Many Muslim patients seem to cope better with a culturally-sensitive packaging of grave news, and that almost always also implies a gradual disclosure of a negative prognosis, an approach that may not be available to Dr. Looke, given the other patients he has to see and the limited time he can spend with Mr. Tabrizi and his family. After such a stressful encounter as the one described here, one would hear the sad lamentation, "They just do not understand us!" from some Muslim patients and their families. Dr. Looke as well as the Tabrizi family would have been in a better position if the doctor had sought to ascertain whether or not Mr. Tabrizi wished to be fully informed of his medical condition. If the patient had forfeited his right to know, the family could then have chosen to disclose the information as gradually as it wanted to.

The issues described in this case are not easy to resolve, since for all parties involved, they revolve around what is perceived as crucial to a patient's wellbeing, i.e. to be fully informed of the medical condition (Dr. Looke's position), and not to be told bad news for fear of its impact (the Tabrizi family's position). Perhaps the answer lies in a resolution as described above, one that could clear the clinician of any ethical impropriety and nevertheless respect the patient's cultural requests. Such resolution might bring the clinicians out of their comfort zone as they are asked to respect cultural values that they may not necessarily embrace.

Finally, Mr. Tabrizi's case highlights the crucial need for more collaboration between hospitals and their local Muslim communities, or on a national level between the healthcare communities and the U.S. Muslim umbrella organizations. The fruit of such collaboration could be community outreach programs, devised by both entities and focused on Muslim patients' needs and issues such as: patient autonomy, explanation of Muslim patients' rights and responsibilities, advance healthcare directives, palliative care, and organ donation. In fact, the discussion of such important topics is almost non-existent in many Muslim communities, yet Muslims, as patients, continue to face them every day when a loved one falls sick, and they often struggle to find satisfactory answers alone. Such a preemptive program could provide an open forum for discussion of sensitive topics, with the involvement of concerned individuals, such as Muslim religious scholars, physicians, and patients. Such discussions are sure to raise awareness and generate practical and helpful recommendations for the healthcare organizations and for Muslim patients.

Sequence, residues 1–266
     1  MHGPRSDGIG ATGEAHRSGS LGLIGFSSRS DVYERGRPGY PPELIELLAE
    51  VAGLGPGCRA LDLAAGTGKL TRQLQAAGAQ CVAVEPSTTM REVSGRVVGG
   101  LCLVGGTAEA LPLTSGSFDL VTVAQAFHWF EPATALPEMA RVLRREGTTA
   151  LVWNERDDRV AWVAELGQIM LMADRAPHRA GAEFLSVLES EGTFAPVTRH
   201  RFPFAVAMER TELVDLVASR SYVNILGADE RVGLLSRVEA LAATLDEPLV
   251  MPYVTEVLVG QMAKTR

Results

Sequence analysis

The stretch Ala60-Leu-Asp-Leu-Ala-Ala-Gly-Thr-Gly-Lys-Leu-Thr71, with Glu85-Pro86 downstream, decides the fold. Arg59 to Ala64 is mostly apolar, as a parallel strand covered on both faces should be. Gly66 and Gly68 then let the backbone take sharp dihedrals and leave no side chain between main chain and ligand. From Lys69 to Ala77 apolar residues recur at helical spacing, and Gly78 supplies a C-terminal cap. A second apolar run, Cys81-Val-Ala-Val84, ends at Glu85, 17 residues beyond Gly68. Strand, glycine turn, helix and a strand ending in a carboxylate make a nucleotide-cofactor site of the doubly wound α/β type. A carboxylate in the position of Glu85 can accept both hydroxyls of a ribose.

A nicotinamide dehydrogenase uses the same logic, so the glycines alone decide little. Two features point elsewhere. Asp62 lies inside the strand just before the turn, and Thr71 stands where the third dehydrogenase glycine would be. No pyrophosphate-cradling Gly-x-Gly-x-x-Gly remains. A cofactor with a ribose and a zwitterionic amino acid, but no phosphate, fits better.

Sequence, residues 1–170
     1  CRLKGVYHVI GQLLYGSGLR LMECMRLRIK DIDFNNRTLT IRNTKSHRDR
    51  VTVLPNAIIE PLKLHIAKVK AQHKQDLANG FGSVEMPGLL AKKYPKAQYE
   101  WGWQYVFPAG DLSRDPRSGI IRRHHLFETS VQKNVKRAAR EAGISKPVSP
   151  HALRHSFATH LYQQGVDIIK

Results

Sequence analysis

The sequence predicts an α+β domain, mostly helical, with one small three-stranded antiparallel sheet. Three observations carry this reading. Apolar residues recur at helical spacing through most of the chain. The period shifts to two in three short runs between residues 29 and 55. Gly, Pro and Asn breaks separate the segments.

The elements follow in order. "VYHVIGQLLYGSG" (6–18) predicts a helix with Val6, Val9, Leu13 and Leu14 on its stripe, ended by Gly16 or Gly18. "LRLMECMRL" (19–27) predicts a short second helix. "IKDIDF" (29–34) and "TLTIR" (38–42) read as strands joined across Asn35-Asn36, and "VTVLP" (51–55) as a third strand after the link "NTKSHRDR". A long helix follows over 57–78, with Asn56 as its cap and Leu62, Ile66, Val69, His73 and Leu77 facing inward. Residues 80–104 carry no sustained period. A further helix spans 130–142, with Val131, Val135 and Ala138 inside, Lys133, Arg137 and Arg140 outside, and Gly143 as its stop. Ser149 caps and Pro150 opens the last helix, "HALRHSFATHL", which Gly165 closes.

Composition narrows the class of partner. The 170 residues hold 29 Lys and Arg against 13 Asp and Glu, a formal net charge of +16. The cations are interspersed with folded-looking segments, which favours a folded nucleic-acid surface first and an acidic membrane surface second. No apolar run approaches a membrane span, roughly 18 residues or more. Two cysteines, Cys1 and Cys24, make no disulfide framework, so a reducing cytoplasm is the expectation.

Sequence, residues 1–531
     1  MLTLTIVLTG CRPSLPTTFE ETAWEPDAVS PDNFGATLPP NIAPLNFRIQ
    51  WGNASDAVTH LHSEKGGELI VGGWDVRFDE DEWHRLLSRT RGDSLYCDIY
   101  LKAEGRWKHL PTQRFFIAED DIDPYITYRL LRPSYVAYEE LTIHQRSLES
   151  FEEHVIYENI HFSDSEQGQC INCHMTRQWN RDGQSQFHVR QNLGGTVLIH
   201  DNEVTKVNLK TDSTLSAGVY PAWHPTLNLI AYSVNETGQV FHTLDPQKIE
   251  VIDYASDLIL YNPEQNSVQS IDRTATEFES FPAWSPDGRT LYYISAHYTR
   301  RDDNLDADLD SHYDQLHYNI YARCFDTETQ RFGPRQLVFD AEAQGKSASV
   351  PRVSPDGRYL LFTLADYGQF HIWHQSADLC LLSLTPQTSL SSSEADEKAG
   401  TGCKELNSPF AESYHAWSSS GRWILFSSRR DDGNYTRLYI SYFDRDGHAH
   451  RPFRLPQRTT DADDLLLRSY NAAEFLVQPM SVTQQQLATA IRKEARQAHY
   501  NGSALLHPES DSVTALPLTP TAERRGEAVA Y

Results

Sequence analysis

This collaboration could also prove very helpful in identifying local Muslim individuals who are willing to provide support to their co-religionists in cases of emergency. These individuals, such as local Imams, chaplains, or trained Muslim volunteers, could act as a bridge between the medical team and Muslim patients, which would have been invaluable in the case of Mr. Tabrizi.

Return to the case
Introduction to Culturally Competent Care
Introduction to Culturally Competent Care for Muslim Patients


Doha Raik Hamza served as the Muslim Volunteer Coordinator at the Spiritual Care Services at Stanford Hospital from 2003-2007.

February 2008